Killings can't be justified |
Gulf Today - 17 June, 2012
Author: Ramesh Thakur
On the one hand, the United States is rightly exercised about the gruesome killings, almost certainly by government-supported thugs, of Syrians. On the other hand, the Obama administration has so greatly expanded the Bush policy of drone strikes as to leave neutral observers queasy about the legal regime governing the new tools of warfare. As in so many other aspects of human life, the march of technology has greatly outpaced the laws and institutions to regulate the behaviour they make possible.
The country that is most closely associated with targeted assassinations of its enemies in recent decades is, of course, Israel. Because of the existential threats it faces, the make-up of its geographical neighbourhood, the virulent rhetoric often directed at it and the terrorist attacks that it has been subjected to, Westerners unconvinced of the lawfulness or wisdom of the policy have nonetheless managed to live with it. But with the greater US technological sophistication and the global reach of its military, the hard questions can no longer be avoided.
These silent, terrifying killers from the air are a potent, unnerving symbol of unchecked and potentially cruel and capricious American power. On September 30, 2011, Anwar Al Awlaki, an American of Yemeni descent, was killed by a US drone strike somewhere in Yemen — the first instance of a US citizen being the victim of a targeted assassination. Also killed in the same strike was a Pakistani-American, Samir Khan. Awlaki’s 16-year-old son (that is, a juvenile) was killed in a follow-up strike some weeks later.
The New America Foundation estimates that between 1,819 and 2,808 people were killed in such strikes in Pakistan alone from 2004-end to May this year. Of these, around 80 per cent have been killed during the Obama administration. Three-quarters of those killed were claimed to be militants, a figure impossible to verify. Others claim that drone strikes kill seven times as many followers as top-level terrorists — that is, supporters and sympathisers, not ‘enemy combatants.’
An Alice in Wonderland definition eases any lingering legal and moral concerns. The Obama administration “counts all military-age males in a [drone] strike zone as combatants unless there is explicit intelligence posthumously proving them innocent.” This is certainly convenient in claiming minimum loss of innocent civilian lives in the strikes. Little wonder that the respected Washington columnist Aaron David Miller concluded in a Foreign Policy article that “As shown through his stepped-up drone campaign, Barack Obama has become George W. Bush on steroids.”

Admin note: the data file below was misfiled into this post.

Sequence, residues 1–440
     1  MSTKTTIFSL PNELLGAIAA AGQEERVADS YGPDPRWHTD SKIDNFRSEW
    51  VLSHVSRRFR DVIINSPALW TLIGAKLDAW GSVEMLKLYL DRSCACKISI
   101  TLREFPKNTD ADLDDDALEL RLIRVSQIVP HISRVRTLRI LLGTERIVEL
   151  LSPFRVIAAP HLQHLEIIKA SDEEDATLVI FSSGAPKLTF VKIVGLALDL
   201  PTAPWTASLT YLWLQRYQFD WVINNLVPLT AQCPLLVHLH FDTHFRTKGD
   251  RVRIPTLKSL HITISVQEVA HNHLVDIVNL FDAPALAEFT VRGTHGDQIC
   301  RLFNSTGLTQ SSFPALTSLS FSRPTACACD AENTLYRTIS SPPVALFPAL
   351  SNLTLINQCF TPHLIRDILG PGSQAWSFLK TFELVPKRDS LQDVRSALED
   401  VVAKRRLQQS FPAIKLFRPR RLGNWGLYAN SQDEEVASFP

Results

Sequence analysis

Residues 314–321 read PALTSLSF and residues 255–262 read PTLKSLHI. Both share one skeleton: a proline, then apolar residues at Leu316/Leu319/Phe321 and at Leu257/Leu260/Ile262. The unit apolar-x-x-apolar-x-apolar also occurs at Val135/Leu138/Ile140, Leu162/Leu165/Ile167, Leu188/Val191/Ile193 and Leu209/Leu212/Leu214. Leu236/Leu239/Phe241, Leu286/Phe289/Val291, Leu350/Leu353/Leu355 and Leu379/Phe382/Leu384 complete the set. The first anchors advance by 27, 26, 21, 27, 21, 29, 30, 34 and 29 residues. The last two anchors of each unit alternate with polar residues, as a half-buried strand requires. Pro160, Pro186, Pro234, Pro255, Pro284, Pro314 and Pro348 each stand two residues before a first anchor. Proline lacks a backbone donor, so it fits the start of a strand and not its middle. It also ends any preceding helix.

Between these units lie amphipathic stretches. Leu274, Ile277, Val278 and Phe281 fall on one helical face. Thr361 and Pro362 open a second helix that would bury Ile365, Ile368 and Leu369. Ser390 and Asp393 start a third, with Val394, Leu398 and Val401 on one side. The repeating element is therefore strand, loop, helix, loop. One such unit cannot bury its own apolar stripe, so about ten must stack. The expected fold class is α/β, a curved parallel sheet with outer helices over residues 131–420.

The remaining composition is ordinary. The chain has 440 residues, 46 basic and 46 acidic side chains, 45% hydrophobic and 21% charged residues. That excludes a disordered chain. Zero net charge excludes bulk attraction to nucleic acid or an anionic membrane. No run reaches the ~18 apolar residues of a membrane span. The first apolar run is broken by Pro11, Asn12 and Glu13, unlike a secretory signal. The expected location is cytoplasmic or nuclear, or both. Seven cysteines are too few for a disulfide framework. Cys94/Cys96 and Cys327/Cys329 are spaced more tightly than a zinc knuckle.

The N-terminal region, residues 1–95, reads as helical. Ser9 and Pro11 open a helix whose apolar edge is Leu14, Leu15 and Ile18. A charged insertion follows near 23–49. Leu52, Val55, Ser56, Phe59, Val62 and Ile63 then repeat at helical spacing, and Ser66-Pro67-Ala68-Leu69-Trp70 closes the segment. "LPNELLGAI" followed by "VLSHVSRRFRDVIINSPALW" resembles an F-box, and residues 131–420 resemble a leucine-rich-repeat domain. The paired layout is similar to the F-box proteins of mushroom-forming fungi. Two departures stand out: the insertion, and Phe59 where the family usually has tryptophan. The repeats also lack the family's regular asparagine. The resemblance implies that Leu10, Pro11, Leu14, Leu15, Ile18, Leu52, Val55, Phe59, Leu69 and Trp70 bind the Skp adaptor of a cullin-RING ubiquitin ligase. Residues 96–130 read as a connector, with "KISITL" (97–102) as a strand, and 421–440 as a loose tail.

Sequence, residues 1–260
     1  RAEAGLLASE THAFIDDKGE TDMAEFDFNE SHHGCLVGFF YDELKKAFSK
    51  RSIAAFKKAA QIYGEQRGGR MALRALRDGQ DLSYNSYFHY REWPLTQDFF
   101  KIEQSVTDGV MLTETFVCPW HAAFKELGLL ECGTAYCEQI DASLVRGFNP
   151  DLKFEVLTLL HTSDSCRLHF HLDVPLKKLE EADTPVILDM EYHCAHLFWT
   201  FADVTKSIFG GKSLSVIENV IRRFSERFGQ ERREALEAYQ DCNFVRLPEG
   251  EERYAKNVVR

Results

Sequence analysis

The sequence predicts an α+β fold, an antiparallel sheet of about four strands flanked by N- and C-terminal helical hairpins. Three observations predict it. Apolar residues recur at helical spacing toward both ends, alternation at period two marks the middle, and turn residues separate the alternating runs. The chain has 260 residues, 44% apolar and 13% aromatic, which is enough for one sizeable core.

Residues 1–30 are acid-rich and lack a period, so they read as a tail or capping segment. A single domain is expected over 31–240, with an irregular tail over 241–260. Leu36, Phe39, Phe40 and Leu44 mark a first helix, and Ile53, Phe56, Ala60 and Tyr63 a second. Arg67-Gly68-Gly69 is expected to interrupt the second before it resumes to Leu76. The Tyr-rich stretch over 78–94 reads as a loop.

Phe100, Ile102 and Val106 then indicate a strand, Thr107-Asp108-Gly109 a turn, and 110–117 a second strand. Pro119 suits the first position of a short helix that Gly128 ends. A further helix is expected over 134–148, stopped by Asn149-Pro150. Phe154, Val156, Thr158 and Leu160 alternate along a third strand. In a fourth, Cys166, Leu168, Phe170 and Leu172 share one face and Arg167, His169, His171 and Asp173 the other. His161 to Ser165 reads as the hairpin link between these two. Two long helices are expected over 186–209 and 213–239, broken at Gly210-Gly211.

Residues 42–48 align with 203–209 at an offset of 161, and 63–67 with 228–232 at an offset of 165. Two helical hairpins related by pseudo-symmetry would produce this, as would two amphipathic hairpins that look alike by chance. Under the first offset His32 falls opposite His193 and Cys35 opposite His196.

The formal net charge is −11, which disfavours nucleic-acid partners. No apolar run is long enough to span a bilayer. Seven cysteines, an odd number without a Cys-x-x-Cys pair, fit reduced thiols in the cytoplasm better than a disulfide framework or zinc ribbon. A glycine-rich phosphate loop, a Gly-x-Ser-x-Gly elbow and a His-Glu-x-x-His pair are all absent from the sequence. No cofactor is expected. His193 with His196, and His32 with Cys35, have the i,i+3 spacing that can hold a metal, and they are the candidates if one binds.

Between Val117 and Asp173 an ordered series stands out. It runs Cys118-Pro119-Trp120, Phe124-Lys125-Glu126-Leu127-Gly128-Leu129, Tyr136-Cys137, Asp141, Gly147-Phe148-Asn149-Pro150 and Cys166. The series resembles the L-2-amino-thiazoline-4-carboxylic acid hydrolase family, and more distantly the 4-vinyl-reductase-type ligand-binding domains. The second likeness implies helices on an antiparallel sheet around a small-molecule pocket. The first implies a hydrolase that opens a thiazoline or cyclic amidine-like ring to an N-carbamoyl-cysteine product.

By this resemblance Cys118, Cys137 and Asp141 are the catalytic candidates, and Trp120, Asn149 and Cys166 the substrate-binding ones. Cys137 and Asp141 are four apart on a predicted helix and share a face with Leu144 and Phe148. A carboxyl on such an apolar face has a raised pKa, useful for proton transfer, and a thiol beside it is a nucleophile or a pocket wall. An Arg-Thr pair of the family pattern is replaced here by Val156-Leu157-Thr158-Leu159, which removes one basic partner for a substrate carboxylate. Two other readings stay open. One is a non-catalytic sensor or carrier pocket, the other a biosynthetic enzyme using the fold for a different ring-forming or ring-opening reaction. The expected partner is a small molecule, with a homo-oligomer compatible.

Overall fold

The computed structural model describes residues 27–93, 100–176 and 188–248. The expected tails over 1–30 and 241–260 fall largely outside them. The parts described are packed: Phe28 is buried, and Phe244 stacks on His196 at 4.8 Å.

Given the memorable record of the US intelligence community on the ‘slam dunk’ evidence proving Saddam Hussein’s pursuit of weapons of mass destruction, one cannot but be troubled by the substitution of secretive determinations of guilt and imposition of capital punishment by intelligence-bureaucratic processes instead of open and contested judicial trials.
Unease over the policy intensified with revelations that the Obama administration has authorised so-called ‘signature strikes,’ in which drones can kill not just identified high-value targets, but also unknown targets based on patterns of suspicious behaviour observed from drones, electronic surveillance and on-the-ground intelligence sources.
Having criticised the Bush administration for the secret practices of surveillance, interrogation and detention, Obama has dramatically expanded the practice of secretly putting people on kill lists. Drone warfare greatly stretches the boundaries of the imperial presidency. It has expanded presidential power enormously relative to Congressional checks and judicial oversight.
It also raises the question: is the extrajudicial of killing foreigners (and Americans living abroad) following a bureaucratic determination, as Obama is doing, more or less frightening and morally condemnable than capturing them and sending them to detention and torture in Guantánamo Bay, as Bush did and Obama condemned? As with other administrations in most countries around the world, the government forgets or chooses to ignore that the expanded, unchecked power will be available to subsequent administrations.